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Authors: Antonioli, A.* 
Belardinelli, M. E.* 
Bizzarri, A.* 
Vogfjord, K. S.* 
Title: Evidence of instantaneous dynamic triggering during the seismic sequence of year 2000 in south Iceland
Issue Date: 2006
Series/Report no.: /111 (2006)
DOI: 10.1029/2005JB003935
Keywords: seismic sequence
Subject Classification04. Solid Earth::04.06. Seismology::04.06.01. Earthquake faults: properties and evolution 
04. Solid Earth::04.06. Seismology::04.06.02. Earthquake interactions and probability 
04. Solid Earth::04.06. Seismology::04.06.03. Earthquake source and dynamics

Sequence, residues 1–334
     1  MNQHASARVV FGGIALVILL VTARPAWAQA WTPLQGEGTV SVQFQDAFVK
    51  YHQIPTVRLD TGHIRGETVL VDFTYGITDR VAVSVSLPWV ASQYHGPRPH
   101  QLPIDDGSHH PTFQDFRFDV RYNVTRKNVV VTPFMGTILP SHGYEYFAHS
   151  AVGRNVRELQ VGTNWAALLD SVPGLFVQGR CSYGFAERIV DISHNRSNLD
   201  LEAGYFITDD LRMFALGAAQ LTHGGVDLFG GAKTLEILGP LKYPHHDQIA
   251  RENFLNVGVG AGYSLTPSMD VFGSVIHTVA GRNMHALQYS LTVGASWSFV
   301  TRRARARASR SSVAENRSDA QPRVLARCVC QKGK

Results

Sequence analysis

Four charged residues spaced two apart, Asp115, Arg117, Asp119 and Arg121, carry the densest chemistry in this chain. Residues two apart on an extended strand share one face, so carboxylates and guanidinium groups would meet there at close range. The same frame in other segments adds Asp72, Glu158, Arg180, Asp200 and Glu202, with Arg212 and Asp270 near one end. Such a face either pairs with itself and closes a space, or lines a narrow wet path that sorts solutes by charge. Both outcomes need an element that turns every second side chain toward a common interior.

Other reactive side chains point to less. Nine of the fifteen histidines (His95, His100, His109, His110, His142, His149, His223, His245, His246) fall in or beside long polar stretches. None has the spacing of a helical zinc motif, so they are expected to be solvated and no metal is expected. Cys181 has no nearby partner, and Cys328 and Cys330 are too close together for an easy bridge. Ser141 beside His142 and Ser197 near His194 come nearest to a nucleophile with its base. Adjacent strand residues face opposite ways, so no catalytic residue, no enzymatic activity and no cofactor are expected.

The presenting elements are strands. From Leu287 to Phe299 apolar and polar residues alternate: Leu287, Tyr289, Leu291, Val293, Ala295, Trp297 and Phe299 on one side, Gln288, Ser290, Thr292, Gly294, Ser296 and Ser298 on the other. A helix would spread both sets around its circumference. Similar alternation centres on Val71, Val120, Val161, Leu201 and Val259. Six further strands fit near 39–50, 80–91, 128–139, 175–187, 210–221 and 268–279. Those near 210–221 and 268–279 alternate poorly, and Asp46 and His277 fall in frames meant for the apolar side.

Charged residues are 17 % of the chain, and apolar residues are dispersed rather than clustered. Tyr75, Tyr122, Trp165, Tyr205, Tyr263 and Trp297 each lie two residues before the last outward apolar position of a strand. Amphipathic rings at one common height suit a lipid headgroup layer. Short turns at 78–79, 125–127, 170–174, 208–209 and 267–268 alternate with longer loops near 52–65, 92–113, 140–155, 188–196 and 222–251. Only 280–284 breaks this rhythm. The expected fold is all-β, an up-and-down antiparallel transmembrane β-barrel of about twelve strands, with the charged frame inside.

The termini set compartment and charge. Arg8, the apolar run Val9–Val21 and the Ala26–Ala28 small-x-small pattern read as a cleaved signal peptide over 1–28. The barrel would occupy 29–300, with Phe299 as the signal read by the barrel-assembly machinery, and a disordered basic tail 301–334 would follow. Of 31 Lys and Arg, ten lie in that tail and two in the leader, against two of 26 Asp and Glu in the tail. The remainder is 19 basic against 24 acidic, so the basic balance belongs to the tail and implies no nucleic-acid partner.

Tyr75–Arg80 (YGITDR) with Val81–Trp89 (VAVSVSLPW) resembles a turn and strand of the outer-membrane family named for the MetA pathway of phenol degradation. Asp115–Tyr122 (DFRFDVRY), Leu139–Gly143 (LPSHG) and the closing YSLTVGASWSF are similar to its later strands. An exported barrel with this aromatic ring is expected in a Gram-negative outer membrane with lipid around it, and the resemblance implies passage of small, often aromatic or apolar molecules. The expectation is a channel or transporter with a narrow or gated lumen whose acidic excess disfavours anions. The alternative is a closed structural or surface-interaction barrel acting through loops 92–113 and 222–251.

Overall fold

Abstract: We analyze the coseismic stress perturbation during the 17 June 2000 south Iceland seismic sequence; the main shock (Ms 6.6) was followed by three large events within a few tens of seconds (8, 26, and 30 s) located within 80 km. The aim of this paper is to investigate short-term fault interaction and instantaneous triggering. This happens when a fault perturbed by a stress change fails before the end of the transient stress perturbation. We compute the shear, normal, and Coulomb stress changes as functions of time in a stratified elastic half-space by using discrete wave number and reflectivity methods. We calculate dynamic stresses caused by the main shock at the hypocenters of these three subsequent events. Our numerical results show that the onset of the last two events is slightly delayed with respect to the arrival time of the second positive peak of Coulomb stress variation, while the first event occurred after the first positive stress peak. We have also analyzed the response of a spring slider system representing a fault governed by a rate- and state-dependent friction law, perturbed by shear and normal stress variations caused by the main shock. The fault response to the computed stress perturbations is always clock advanced. We have found suitable constitutive parameters of the modeled fault that allow the instantaneous dynamic triggering of these three earthquakes. If the initial sliding velocity is comparable with the tectonic loading velocity, we obtained failure times close to the observed origin times for low values of the initial effective normal stress.
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